When living in Chile for 2 months, I was told that I sounded like a surfer when I spoke Spanish. A Danish classmate once tried to teach me how to say “have a good weekend” in Danish and, after I repeated what she said, laughed at me and told me “you sound like such a foreigner.”
While in Spain, we discovered the oven in our apartment didn’t work just as we wanted to start preparing the pizzas we had bought for dinner. Since I had a working use of Spanish, I was nominated to ask our neighbours if we could use their oven. I mustered up my Canadian politeness, my Surfer Spanish vocab, and one heck of a big smile to ask the family next door if I could use their oven to cook our pizza. Long story short – I was warmly welcomed in, given a glass of cava to enjoy as I waited for the pizza to cook, and was asked to join their living room full of guests that were watching a picture slideshow presentation of their recent vacation. Talk about Spanish hospitality, eh! (Sidenote: ‘vamos a la playa’ actually came in handy. #win)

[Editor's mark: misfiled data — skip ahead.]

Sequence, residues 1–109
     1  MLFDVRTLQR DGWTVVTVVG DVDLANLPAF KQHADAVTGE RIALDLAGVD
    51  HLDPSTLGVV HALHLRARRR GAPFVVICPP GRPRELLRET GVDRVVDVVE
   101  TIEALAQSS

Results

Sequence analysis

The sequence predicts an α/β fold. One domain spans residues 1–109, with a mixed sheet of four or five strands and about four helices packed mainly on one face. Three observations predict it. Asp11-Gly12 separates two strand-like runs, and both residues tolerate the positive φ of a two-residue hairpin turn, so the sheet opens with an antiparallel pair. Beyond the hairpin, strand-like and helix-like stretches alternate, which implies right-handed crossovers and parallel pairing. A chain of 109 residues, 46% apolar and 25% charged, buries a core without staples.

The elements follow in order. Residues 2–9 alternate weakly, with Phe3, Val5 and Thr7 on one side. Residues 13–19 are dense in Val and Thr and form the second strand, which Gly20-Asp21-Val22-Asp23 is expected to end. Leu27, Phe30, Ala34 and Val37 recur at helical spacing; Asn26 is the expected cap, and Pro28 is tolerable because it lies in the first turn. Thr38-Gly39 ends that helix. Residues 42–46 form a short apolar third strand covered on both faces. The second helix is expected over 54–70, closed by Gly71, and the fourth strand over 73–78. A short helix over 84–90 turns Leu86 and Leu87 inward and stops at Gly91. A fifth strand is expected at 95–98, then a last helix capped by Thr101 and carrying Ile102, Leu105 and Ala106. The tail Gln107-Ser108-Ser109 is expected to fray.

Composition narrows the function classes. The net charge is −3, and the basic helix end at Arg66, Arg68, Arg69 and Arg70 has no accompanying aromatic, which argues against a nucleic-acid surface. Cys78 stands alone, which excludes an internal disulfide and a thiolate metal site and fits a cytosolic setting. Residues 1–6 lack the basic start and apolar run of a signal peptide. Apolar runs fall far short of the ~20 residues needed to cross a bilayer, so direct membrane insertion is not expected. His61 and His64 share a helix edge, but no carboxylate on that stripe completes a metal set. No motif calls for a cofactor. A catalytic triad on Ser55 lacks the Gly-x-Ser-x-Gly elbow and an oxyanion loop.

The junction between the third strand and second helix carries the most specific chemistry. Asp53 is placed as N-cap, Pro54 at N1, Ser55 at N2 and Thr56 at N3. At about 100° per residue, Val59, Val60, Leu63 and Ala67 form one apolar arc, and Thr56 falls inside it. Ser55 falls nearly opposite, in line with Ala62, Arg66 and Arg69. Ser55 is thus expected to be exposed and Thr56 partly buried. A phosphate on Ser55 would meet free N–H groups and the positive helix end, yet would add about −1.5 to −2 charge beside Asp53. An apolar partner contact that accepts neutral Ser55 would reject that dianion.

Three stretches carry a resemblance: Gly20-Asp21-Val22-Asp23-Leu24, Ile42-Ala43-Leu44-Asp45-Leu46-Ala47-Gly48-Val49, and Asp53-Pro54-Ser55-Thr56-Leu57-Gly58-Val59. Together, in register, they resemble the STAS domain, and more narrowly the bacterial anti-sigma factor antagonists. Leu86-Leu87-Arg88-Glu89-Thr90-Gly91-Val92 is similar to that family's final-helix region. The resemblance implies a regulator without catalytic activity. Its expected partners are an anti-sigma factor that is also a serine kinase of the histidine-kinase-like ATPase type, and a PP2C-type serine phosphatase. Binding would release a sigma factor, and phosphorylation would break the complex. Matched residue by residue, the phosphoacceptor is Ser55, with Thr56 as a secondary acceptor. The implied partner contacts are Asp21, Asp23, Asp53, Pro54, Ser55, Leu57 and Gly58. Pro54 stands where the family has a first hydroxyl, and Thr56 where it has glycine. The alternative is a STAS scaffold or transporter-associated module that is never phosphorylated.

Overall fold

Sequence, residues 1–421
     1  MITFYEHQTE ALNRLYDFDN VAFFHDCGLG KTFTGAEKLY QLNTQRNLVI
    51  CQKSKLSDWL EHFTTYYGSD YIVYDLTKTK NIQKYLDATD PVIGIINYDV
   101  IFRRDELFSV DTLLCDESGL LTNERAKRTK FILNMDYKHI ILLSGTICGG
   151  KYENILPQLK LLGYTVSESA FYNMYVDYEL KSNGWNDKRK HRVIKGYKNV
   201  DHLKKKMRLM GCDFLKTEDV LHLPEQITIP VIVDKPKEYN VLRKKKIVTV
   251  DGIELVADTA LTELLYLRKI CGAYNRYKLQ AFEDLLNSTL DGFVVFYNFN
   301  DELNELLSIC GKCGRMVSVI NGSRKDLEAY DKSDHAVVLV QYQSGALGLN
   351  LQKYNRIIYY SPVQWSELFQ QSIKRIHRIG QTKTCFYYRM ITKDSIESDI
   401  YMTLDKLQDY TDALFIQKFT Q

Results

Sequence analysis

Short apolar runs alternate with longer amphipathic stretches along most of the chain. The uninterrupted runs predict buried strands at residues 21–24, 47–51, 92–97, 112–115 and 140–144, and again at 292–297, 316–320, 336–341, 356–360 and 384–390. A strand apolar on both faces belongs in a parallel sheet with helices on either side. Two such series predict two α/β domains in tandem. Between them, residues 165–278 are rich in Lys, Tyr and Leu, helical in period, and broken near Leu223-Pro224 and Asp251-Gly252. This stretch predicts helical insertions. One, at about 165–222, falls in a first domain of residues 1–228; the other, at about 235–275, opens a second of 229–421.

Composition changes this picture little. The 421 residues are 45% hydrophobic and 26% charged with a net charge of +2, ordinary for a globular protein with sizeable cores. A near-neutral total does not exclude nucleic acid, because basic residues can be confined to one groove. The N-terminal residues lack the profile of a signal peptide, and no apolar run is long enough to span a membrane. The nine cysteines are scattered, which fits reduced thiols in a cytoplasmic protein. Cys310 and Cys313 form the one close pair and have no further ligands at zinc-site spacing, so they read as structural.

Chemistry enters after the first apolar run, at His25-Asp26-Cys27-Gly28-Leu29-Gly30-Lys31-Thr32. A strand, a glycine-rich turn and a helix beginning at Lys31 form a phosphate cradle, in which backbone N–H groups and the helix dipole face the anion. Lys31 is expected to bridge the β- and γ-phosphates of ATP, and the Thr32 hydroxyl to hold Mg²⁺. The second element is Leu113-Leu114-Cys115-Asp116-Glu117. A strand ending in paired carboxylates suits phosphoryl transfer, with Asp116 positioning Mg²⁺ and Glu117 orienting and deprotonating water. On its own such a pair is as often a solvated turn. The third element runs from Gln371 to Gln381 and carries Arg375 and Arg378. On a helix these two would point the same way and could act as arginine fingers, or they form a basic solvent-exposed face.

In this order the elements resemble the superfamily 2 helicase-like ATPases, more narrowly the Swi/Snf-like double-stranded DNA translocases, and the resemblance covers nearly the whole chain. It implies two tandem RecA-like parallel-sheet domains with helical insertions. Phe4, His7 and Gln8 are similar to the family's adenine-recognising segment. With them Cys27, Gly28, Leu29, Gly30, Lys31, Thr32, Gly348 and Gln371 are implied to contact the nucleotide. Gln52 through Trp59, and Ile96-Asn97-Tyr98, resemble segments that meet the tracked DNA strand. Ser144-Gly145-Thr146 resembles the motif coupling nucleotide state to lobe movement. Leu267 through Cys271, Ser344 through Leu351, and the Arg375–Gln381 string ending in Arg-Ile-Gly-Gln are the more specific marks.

I feel awkward when I am trying to speak a language that I am not great at. I stumble through sentences – replacing adjectives with verbs and mixing up conjugations and tenses. I even slip in other foreign languages as my brain tries to recall the correct translation of different words. I learn how to understand written text (especially menus) and speak the phrases that are enough to get by. And I love it. Learning new languages reminds me that there are still things I’m not great at and that I still have room to learn.
My Spanish may be spotty and my Danish may be really limited right now.
Good manners and those three important words, however, will always be the most valuable linguistic tool we can use.
Pick of the Post: Benny Benassi ft Gary Go – Control